a more southerly part of nowhere

A few weeks ago (oops, I’m a bad blogger), Vickie and I went with our colleague and Fulbright-alumna-friend Nastya to a charming little fairy-tale village called Letka. She grew up there, and her parents still live in her childhood home.

Friends, I love Letka. I love Nastya’s parents. I love everything about the place.

But I won’t get ahead of myself.

First we had to get to Letka. This involved four hours on a bus from Ukhta to Syktyvkar, and then three hours in a car from Syktyvkar to Letka. It turns out we went about 600km almost directly south, landing us parallel with Vologda and halfway to Kazan (see, Russia isn’t THAT big…)

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The trip there was actually not all that fun, because I was sitting next to a man who was drinking beer the whole trip and invading my American-personal-space-bubble. But my mood wasn’t down for too long, because on arriving to Letka (at 9:30pm), we were greeted with a homemade dinner, tea, and a trip to the banya.

Yes, the banya.

Nastya’s parents (Aunt Masha and Uncle Vova, as we were to call them) have their own house, and their own banya. A banya is kind of like a sauna, but it serves for recreation, shower-substitute, and also literally steaming yourself like a piece of chicken. While beating yourself with a bundle of birch branches.

 

We woke up on Saturday to a breakfast of blini. Then we went to the school (the same one where Nastya studied!) and lead a few English lessons there. Apparently we’re awesome teachers, because after the lesson we were asked for autographs and about a half million pictures (none of which I ever saw again).

 

Then we wandered around town, taking in the sights and the variable weather…

 

Then we went to this neat event that I can’t even figure out how to name. Basically, each class (2-3 classes per grade) did a sort of military performance, involving marching and sing-shouting some rhythmic song. It made Vickie and me feel very patriotic. Afterwards, we took several million more pictures.

 

My personal favorite part of Saturday might have been the thunderstorm. It’s been ages since I’ve been in a thunderstorm, and I love them a whole lot. It was pouring up down and sideways for a while, and then it cleared in time for a gorgeous post-storm twilight.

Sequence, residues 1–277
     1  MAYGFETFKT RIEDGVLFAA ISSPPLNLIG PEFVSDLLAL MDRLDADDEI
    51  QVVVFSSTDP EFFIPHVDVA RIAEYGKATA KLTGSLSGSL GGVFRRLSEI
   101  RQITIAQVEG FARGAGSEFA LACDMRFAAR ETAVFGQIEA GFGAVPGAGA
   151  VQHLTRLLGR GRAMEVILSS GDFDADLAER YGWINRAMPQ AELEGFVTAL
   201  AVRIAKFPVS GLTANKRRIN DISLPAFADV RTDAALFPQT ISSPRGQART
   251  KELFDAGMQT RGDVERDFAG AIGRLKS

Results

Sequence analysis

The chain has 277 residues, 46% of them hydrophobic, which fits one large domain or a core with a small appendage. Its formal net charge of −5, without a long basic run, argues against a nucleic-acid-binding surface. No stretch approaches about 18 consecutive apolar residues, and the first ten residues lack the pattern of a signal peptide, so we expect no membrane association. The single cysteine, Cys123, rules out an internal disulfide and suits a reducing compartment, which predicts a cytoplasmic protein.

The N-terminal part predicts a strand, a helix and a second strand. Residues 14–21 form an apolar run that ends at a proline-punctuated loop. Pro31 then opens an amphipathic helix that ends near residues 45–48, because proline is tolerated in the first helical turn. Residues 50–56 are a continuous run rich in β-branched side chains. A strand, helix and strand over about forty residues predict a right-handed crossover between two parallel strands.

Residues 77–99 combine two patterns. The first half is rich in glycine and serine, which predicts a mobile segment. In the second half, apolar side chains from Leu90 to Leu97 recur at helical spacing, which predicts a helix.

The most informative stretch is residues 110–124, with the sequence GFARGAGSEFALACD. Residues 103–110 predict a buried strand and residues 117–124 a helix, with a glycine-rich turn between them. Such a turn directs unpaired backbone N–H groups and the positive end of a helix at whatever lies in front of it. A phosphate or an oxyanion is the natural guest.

The whole time, I had Tyutchev’s poem running through my head… Attached below with a really stupid translation, sorry Tyutchev, and sorry everybody else.

Люблю грозу в начале мая,
Когда весенний, первый гром,
как бы резвяся и играя,
Грохочет в небе голубом.

Гремят раскаты молодые,
Вот дождик брызнул, пыль летит,
Повисли перлы дождевые,
И солнце нити золотит.

С горы бежит поток проворный,
В лесу не молкнет птичий гам,
И гам лесной и шум нагорный –
Все вторит весело громам.

Ты скажешь: ветреная Геба,
Кормя Зевесова орла,
Громокипящий кубок с неба,
Смеясь, на землю пролила.

I love a storm in early May…
The first great thunder-clap of spring,
As if to frolic and to play,
Loudly in the blue sky rings.

The newborn peals resound, and dust
Begins to fly, shower-sprayed,
And on the threads small pearls of rain
Turn golden in the sun’s bright rays.

From mountains nimble streamiets run,
And forest birds sustain their song.
In forest song and mountain sound,
The thunder’s clap is echoed on.

You might say: tempestuous Hebe,
When feeding the great bird of Zeus,
Took the effervescing cup,
And on the earth its streams let loose.

 

On Sunday, we had to say goodbye 😦 But we were treated on our way out with more Russian hospitality in the form of more food than any mortal could hope to eat, along with fresh milk from their neighbor’s cow.

In conclusion: love Letka, probably going to retire there, hope that’s okay with everybody.

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One thought on “a more southerly part of nowhere

  1. What amazing adventures you have been having! I so enjoy reading your blog! May the Lord continue to bless you and protect you!

    Like

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